While volunteering in the New Life Homes in the summer of 2009, I had the opportunity to work in the legal and social work department of the New Life Homes. One of the roles of the social worker is to rescue abandoned children and bring them to the New Life Homes. One afternoon, Sylvia, the social worker in the Kisumu orphanage, was asked to come to the District Children’s Office to collect a small girl found abandoned in a bush in a village outside of Kisumu. I traveled with Sylvia to rescue the baby, to hold and feed her while Sylvia navigated the bumpy Kenyan roads. The baby was broken and hungry after suffering neglect and abuse from her mother, who was most likely a single girl afraid of the social, political, and economic consequences due to the strong cultural stigmas associated with having a child out of wedlock. After four hours of holding the child while visiting police stations, hospitals, and the district children’s office to collect her necessary paperwork and medical records, we returned to the New Life Homes exhausted as the sun set. The child was in need of immediate medical condition, so we rushed her upstairs to Prisca, a registered Kenyan nurse and the director of the New Life Home Kisumu. Immediately, Prisca took the child into her arms and whispered to her softly, “Beautiful girl, you are home now. This is your home, and we are your family, where you are loved. We will call you Betsy, meaning ‘my God is a vow,’ for we vow to love you and care for you always, forever here or in a new home. Betsy, welcome home, you are loved.”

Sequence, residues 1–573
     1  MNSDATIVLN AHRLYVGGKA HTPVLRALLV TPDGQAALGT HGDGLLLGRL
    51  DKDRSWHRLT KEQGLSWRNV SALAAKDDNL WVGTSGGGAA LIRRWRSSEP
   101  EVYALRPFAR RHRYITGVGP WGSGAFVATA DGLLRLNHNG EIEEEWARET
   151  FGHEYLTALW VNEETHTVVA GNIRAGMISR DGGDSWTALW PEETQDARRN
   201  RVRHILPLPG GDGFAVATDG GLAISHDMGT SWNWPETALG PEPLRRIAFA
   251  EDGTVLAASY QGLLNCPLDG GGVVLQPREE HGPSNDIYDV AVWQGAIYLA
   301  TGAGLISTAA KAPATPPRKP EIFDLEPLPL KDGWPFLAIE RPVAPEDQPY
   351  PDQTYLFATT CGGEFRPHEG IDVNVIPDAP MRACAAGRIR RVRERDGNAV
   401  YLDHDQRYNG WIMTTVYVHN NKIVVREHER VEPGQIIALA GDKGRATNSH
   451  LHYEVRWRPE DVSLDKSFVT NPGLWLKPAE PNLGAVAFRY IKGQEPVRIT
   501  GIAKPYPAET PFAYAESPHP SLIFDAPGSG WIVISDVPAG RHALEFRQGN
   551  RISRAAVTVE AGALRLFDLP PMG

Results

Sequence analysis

Betsy is just one example of how the New Life Homes are a unique and miraculous place. Not only do the Homes treat the children like family, but the Orphanages are setting precedents for the care and treatment of orphaned children across East Africa. For example, the New Life Homes prioritize the rescue of HIV-positive babies, for the Homes have the medical capacity to treat HIV-positive children so that 75-90% become HIV-negative within a few months of arriving at the Homes.

Wednesday, March 3, 2010

Welcome to Carolina for Amani!

Hello Everyone!

Welcome to the new site for Carolina for Amani, a student organization on UNC-Chapel Hill's campus that raises funds and support for the New Life Home Orphanages in Kenya! We are so excited about raising awareness for the New Life Homes, the HIV/AIDS orphan crisis, and adoption in Kenya!

Our parent organization is the Amani Children's Foundation, a non-profit based in Winston Salem, North Carolina! Check it out at

We meet Monday nights at 9 p.m. in Room 207 of the Campus Y if you want to get involved on UNC's campus.

Our mission:
1. Raising money for the New Life Home Orphanages through the sale of beautiful, hand-painted Kenyan jewelry.
2. Utilizing university interns to make the adoption process more efficient, accessible, and safe in Kenya.
3. Making the UNC-Chapel Hill community excited about the precedents the New Life Home Orphanages is setting for the treatment of orphans!

We would love for you to get involved, so contact us if you want more information! We will keep you updated as progress is made on the 2010 summer internship program to Kenya and will post upcoming events and updates!